Tuesday, October 10, 2017

cpt code for testosterone - j3490, 11980, 84403

CPT/HCPCS Codes

J3490* Testosterone pellets (Testopel®)

11980* Subcutaneous hormone pellet implantation (implantation of estradiol and/or testosterone pellets beneath the skin)

* Providers must bill HCPCS code J3490 and CPT code 11980 on the same claim. If HCPCS code J3490 and CPT code 11980 are not billed on the same claim, the claim will be subject to prepayment review.

TESTOSTERONE CPT CODE: 84403

Covered ICD code for 84403

E89.5 Post procedural testicular hypofunction L63.8 Other alopecia areata
E29.1 Other testicular hypofunction N40.0 Enlarged prostate without LUT symptoms (BPH)
E29.8 Other testicular dysfunction N40.1 Enlarged prostate with LUTS
E34.9 Hormonal imbalance (elevated testosterone)
ICD-10 description: Endocrine disorder unspecified N41.0 Acute prostatitis
F52.22 Female sexual arousal disorder N42.89 Other specified disorders of prostate (Atrophy of prostate)
F52.0 Sexual dysfunctin not due to a substance or known physiological condition (may not be a covered indication for all payers) N46.01 Organic azoospermia
R68.82 Decreased libido N46.11 Organic oligospermia
F52.0 Hypoactive sexual desire disorder N46.029 Infertility due to extratesticular causes
F52.21 Male erectile disorder N52.9 Azoospermia due to other extratesticular causes
F52.31 Female orgasmic disorder L65.9 Alopecia, unspecified
F52.32 Male orgasmic disorder L63.2 Ophiasis
F52.4 Premature ejaculation

Indications and Limitations of Coverage and/or Medical Necessity

Testosterone is an endogenous androgen. Endogenous androgens are responsible for the normal growth and development of the male sex characteristics. Testosterone levels vary from hour to hour; periodic declines below the normal range can occur in some otherwise normal men. An overall diurnal rhythm is also present, the highest levels of circulating testosterone occurring during the early morning hours. In certain medical conditions such as hypogonadism, the endogeonous level of testosterone falls below normal levels. The diagnosis of androgen deficiency is made in men with consistent signs and symptoms and unequivocally low serum testosterone levels. Testosterone levels should be determined in the morning, and studies should be repeated in patients with subnormal levels.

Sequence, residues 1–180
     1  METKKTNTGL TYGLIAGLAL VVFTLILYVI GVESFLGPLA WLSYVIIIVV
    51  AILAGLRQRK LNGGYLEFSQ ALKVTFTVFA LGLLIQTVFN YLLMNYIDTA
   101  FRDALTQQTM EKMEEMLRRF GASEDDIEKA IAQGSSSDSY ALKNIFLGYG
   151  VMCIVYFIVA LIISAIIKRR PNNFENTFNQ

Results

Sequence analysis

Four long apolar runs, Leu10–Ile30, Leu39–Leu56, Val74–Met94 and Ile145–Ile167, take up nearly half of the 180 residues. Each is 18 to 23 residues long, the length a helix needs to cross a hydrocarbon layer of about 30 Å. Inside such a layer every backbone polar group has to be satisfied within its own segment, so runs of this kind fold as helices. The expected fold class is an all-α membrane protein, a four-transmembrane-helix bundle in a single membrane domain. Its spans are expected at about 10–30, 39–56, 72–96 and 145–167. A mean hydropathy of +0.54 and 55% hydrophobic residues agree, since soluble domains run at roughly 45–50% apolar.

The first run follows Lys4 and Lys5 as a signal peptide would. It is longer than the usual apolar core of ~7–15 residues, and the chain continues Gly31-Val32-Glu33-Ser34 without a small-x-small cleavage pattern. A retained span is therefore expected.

Testosterone pellets (Testopel®) have been approved by the Food and Drug Administration (FDA) for the treatment of primary hypogonadism (congenital or acquired) and hypogonadotrophic hypogonadism (congenital or acquired). Primary hypogonadism includes such conditions as testicular failure due to cryptorchidism, bilateral torsion, orchitis, vanishing testes syndrome; or orchidectomy. Hypogonadotrophic hypogonadism (secondary hypogonadism) includes conditions such as idiopathic or gonadotropic luteinizing hormone releasing hormone (LHRH) deficiency or pituitary-hypothalamic injury from tumors, trauma or radiation.

Indications:

Testosterone pellets (Testopel®) will be considered medically reasonable and necessary for the following indications:

• Second line testosterone replacement therapy in males with congenital or acquired endogenous androgen absence or deficiency associated with primary or secondary hypogonadism when other standard replacement [intramuscular (IM), buccal, transdermal is not clinically effective; OR,
• For treatment of delayed male puberty

Limitations:

Androgens are contraindicated in men with carcinomas of the breast or with known or suspected carcinomas of the prostate. For patients that clearly meet the indication for testosterone replacement, the reason(s) for a transition to pellets from other effective replacement (IM, buccal, transdermal) must be specifically addressed in the medical record.

Clinical diagnosis of androgen deficiency (non-specific symptoms, low normal testosterone levels, and normal free testosterone) is not a covered indication. Office practices with high utilization of testosterone pellet implantations can be subject to pre- or post-payment review.

Implantable testosterone pellets for the treatment of symptoms associated with menopause is considered not reasonable and necessary as there is insufficient clinical evidence to support this use and is therefore non-covered.



Documentation Requirements

The medical record must substantiate the medical need for testosterone pellets (Testopel®) with documentation of unsuccessful treatments of standard replacement (IM, buccal, transdermal) on more than one occasion, in men with clinically significant symptoms of androgen deficiency.